HFD's new procedure saving lives

August 13, 2009 5:18:08 PM PDT
An elderly woman's life was saved due to quick thinking by firefighters. Crews from the Houston Fire Department used a special kit from the Homeland Security Department to help the woman who was overcome by smoke. It's not the first time the kit has been used. That woman was rescued from this house, which you can see is a total loss at Sayers and Fogle in northeast Houston. Her life was saved with a tool originally used to treat victims of terrorist attacks.

As the flames raged Wednesday night, firefighters rescued two people. One was an 80-year-old woman who was suffering from so much smoke inhalation and carbon monoxide poisoning that emergency crews saw no option but to try a new procedure.

"This is a powder. It's a powder in there," said Chief Adrian Trevino.

The Houston Fire Department says it used a cyanide antidote kit like this one on the woman.

"We were the first ones, HFD, we were the first ones in the nation to utilize this cyanide antidote kit for carbon monoxide poisoning," said Chief Trevino.

HFD now has more than 20 of the kits, kept in the vehicles of supervisors. They were first purchased with homeland security funds for use in case of terrorist attack. However, Chief Trevino says studies in the United Kingdom showed the antidote also effective in treating carbon monoxide victims because both that and cyanide have the same effect on the body.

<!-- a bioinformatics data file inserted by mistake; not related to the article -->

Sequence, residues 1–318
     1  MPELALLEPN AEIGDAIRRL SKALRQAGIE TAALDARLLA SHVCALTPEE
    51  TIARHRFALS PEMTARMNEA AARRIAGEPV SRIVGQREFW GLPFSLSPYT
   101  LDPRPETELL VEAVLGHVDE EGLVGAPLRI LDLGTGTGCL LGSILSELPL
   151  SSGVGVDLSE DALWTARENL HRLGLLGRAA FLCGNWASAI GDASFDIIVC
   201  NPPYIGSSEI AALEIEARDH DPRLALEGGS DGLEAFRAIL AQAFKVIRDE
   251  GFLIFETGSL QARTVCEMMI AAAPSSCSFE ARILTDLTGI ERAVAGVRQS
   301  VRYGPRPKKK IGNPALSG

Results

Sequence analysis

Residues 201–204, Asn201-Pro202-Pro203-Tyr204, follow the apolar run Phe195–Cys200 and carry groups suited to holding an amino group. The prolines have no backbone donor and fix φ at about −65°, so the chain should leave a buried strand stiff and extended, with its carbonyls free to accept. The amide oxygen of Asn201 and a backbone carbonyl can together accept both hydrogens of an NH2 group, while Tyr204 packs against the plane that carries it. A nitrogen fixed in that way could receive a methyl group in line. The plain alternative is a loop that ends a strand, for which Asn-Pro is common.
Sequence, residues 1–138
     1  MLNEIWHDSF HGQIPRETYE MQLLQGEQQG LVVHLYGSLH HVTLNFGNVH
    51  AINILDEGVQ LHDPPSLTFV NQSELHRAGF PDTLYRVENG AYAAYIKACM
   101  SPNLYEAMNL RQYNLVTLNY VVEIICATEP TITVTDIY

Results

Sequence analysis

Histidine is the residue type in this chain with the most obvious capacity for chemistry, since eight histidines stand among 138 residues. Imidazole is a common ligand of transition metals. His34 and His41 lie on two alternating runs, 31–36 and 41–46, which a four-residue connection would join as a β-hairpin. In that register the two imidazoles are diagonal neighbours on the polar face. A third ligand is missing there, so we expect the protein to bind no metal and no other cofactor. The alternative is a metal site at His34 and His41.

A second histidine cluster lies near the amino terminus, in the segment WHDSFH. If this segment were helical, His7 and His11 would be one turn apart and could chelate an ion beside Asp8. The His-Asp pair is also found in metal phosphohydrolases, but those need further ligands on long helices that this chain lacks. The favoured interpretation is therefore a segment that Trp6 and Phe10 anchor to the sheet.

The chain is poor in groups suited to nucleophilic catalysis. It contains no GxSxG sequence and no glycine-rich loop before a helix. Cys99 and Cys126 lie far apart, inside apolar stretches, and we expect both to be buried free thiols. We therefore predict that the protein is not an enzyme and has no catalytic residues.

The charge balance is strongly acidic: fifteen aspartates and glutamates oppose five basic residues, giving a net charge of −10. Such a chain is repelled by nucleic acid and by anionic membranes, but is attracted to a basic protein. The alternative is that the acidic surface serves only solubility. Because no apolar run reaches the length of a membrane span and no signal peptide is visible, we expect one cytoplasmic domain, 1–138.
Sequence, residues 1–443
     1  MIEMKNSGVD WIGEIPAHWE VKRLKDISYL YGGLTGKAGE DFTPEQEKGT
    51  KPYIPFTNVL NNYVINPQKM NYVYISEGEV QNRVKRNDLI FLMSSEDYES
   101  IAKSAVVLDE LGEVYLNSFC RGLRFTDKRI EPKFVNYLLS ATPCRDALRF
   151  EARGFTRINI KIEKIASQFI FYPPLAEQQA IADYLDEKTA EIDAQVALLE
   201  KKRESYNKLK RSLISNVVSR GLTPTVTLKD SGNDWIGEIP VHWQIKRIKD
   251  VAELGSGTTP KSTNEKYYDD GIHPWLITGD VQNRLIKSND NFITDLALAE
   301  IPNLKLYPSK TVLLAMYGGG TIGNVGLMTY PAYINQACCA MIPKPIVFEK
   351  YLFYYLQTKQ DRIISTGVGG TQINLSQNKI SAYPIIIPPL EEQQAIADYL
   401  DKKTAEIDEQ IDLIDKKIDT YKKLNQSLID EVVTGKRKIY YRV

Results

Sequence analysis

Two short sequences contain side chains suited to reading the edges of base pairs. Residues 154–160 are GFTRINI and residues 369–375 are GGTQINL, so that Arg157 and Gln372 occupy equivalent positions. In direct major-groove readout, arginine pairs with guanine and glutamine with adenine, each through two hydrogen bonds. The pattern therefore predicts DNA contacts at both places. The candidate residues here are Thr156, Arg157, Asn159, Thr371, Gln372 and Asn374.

"They block the oxygen from getting to our cells, to our hemoglobin, to our blood, and it's what this kit does. It removes it," said Chief Trevino

The medicine, injected by IV, helps promote that oxygenation. It's not the first time the kit has been used successfully. HFD says it's been deployed seven times in the last year and a half. The very first life saved was one of their own.

"I'm glad that we have this at the fire department," said firefighter Brandon Everette.

Everette succumbed to smoke while fighting this blaze in January of last year. He believes he might have died had he not been given the cyanide antidote.

"They said once they gave it to me, within 45 seconds, my heart rate had improved. I started to breathe on my own and I opened my eyes and came around. It's an excellent drug," said Everette.

The kits run about $1,000 apiece.

As for as the family burned out of their house, the family says the 80-year-old woman and her husband will be OK. However, we are told their daughter may not make it.

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